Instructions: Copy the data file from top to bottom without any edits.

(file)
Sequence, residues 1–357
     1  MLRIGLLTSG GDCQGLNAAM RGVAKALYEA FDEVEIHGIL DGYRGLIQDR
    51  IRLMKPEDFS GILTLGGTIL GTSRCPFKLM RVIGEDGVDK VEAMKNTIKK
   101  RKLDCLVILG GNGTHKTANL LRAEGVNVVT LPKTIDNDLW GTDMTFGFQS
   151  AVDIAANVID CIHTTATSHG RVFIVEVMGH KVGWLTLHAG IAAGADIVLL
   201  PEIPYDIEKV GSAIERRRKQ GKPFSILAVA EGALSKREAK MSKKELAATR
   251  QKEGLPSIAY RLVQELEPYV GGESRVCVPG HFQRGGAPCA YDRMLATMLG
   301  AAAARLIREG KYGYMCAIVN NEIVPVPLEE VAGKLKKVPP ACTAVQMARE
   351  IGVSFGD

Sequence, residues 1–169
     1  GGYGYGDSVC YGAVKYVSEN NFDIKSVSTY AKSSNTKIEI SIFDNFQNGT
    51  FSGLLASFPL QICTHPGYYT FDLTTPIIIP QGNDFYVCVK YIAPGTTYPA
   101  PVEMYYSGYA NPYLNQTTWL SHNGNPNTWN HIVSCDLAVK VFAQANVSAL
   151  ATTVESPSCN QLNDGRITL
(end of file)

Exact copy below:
Sequence, residues 1–357
     1  MLRIGLLTSG GDCQGLNAAM RGVAKALYEA FDEVEIHGIL DGYRGLIQDR
    51  IRLMKPEDFS GILTLGGTIL GTSRCPFKLM RVIGEDGVDK VEAMKNTIKK
   101  RKLDCLVILG GNGTHKTANL LRAEGVNVVT LPKTIDNDLW GTDMTFGFQS
   151  AVDIAANVID CIHTTATSHG RVFIVEVMGH KVGWLTLHAG IAAGADIVLL
   201  PEIPYDIEKV GSAIERRRKQ GKPFSILAVA EGALSKREAK MSKKELAATR
   251  QKEGLPSIAY RLVQELEPYV GGESRVCVPG HFQRGGAPCA YDRMLATMLG
   301  AAAARLIREG KYGYMCAIVN NEIVPVPLEE VAGKLKKVPP ACTAVQMARE
   351  IGVSFGD

Sequence, residues 1–169
     1  GGYGYGDSVC YGAVKYVSEN NFDIKSVSTY AKSSNTKIEI SIFDNFQNGT
    51  FSGLLASFPL QICTHPGYYT FDLTTPIIIP QGNDFYVCVK YIAPGTTYPA
   101  PVEMYYSGYA NPYLNQTTWL SHNGNPNTWN HIVSCDLAVK VFAQANVSAL
   151  ATTVESPSCN QLNDGRITL